Throwback Thursday: 1961 Jaguar E-Type
Few cars are as recognizable as the Jaguar E-Type, with its sleek lines, long hood and elegant profile. It’s a model that’s so renowned that Enzo Ferrari called it “the most beautiful car ever made,” and The Daily Telegraph put it on their list of the 100 most beautiful cars of all time.
The E-Type got its start back in ’57, based around the highly successful dual-overhead-cam XK straight-six engine. By ’61, the Series 1 XKE was ready to go, with a 3.8 liter three-carburetor version of the XK6 engine putting out 265 horsepower, for a top speed of 150 mph and a 0-60 time of around seven seconds. The XKE was mechanically advanced, with an independent coil spring rear suspension and torsion bar front end; it was also one of the first cars to feature four-wheel disc brakes. The 3.8 liter engine was replaced by a 4.2 liter version, putting out about the same horsepower except with a different throttle response curve.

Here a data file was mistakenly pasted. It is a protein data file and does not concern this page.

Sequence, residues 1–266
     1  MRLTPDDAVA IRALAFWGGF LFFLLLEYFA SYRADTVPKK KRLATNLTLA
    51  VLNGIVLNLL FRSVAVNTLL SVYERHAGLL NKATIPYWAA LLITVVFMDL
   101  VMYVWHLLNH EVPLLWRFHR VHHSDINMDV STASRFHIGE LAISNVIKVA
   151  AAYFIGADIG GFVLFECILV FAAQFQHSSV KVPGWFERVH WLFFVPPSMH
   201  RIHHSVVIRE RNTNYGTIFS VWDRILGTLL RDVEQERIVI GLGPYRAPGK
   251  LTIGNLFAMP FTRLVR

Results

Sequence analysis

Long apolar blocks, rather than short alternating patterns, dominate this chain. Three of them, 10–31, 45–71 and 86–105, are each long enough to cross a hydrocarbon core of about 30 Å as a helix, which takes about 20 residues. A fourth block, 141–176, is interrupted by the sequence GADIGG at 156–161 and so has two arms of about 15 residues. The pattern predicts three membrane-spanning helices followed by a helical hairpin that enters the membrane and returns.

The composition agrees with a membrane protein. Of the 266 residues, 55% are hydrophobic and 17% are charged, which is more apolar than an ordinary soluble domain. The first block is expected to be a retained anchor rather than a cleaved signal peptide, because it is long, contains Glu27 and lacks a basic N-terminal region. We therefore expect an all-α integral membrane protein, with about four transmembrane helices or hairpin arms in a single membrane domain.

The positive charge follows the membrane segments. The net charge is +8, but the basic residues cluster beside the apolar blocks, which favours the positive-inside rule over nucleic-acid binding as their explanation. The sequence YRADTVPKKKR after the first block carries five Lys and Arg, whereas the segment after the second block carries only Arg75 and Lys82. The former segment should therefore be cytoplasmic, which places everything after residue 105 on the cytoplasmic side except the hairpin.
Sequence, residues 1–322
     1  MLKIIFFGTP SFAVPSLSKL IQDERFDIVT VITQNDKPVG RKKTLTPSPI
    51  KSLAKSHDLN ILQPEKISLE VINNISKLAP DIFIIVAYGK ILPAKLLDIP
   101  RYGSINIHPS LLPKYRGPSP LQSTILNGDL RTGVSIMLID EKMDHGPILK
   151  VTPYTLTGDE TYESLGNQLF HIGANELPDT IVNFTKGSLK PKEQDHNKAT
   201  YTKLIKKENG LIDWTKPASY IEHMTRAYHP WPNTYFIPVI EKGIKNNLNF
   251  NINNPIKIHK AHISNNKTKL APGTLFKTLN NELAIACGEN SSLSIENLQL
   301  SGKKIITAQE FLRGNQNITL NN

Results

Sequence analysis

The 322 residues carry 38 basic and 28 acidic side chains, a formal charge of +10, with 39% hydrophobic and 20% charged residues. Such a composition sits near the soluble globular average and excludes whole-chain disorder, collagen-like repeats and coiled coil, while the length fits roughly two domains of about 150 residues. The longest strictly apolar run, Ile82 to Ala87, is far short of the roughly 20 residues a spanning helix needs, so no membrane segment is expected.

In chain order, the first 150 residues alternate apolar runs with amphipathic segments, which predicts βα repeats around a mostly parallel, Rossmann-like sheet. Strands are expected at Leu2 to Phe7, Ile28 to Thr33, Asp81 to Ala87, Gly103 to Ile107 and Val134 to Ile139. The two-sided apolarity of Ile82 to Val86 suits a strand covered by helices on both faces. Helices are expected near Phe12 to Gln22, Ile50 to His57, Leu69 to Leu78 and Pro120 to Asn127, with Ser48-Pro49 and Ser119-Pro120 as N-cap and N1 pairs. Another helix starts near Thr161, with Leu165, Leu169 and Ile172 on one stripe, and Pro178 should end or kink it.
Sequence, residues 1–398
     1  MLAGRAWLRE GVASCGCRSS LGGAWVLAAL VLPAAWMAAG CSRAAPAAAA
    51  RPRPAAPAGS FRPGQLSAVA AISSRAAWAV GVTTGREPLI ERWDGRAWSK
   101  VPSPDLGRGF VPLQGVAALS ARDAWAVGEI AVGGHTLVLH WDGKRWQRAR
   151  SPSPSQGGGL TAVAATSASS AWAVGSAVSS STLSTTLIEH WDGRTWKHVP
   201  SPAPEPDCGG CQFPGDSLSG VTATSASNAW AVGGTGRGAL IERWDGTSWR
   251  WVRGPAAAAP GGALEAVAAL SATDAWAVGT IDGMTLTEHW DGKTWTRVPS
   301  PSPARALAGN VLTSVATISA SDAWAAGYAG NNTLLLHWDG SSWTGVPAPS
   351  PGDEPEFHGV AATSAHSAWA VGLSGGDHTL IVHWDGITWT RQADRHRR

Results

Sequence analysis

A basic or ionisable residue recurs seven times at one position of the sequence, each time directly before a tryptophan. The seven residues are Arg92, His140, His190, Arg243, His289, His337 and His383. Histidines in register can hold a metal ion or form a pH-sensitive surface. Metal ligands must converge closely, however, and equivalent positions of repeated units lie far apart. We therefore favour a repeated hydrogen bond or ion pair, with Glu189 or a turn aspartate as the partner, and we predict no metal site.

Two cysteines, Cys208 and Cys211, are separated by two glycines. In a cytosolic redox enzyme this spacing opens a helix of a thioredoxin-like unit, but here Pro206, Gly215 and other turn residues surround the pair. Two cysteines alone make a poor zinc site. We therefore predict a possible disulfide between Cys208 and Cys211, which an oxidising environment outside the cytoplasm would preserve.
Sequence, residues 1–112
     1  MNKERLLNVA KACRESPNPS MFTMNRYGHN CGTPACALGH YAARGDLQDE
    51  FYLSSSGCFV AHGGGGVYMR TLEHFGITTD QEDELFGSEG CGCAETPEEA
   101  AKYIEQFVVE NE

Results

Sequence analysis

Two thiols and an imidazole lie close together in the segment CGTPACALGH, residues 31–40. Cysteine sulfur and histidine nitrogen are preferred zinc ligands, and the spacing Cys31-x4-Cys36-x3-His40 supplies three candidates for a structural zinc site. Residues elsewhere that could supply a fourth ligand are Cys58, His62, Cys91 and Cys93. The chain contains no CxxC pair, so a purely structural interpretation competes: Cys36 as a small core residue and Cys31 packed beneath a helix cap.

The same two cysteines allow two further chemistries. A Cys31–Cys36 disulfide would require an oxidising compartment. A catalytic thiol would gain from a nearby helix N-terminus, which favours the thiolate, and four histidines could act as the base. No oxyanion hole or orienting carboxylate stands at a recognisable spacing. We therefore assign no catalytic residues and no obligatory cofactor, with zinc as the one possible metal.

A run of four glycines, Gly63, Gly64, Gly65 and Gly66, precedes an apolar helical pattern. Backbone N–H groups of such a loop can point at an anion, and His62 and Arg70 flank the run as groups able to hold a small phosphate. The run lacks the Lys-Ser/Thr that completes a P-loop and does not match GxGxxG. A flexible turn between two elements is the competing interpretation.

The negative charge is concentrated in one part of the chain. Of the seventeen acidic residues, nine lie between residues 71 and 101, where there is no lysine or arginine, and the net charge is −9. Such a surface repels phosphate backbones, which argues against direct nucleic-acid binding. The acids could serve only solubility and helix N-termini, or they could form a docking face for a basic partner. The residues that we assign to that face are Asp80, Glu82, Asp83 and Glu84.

Over the years, the XKE saw a Series 2 model in ’68 and a Series 3 in ’71 (featuring the then-new 5.3-liter Jaguar V12 engine), with certain changes to the interior, drivetrain and suspension, before the model was discontinued for the ’74 model year.
The XKE was, of course, a wildly impractical car for the average driver, and suffered from the same rash of electrical problems that made many British cars of the time notorious. Temperamental, less than reliable and a difficult parts-availability situation? Yes, but also one of the most sexy-looking cars ever, and now surviving XKE’s are worth a fairly insane amount of money. No question about it – Jaguar was doing something right when they devised the 1960s E-Type, and left their mark on the auto industry with it.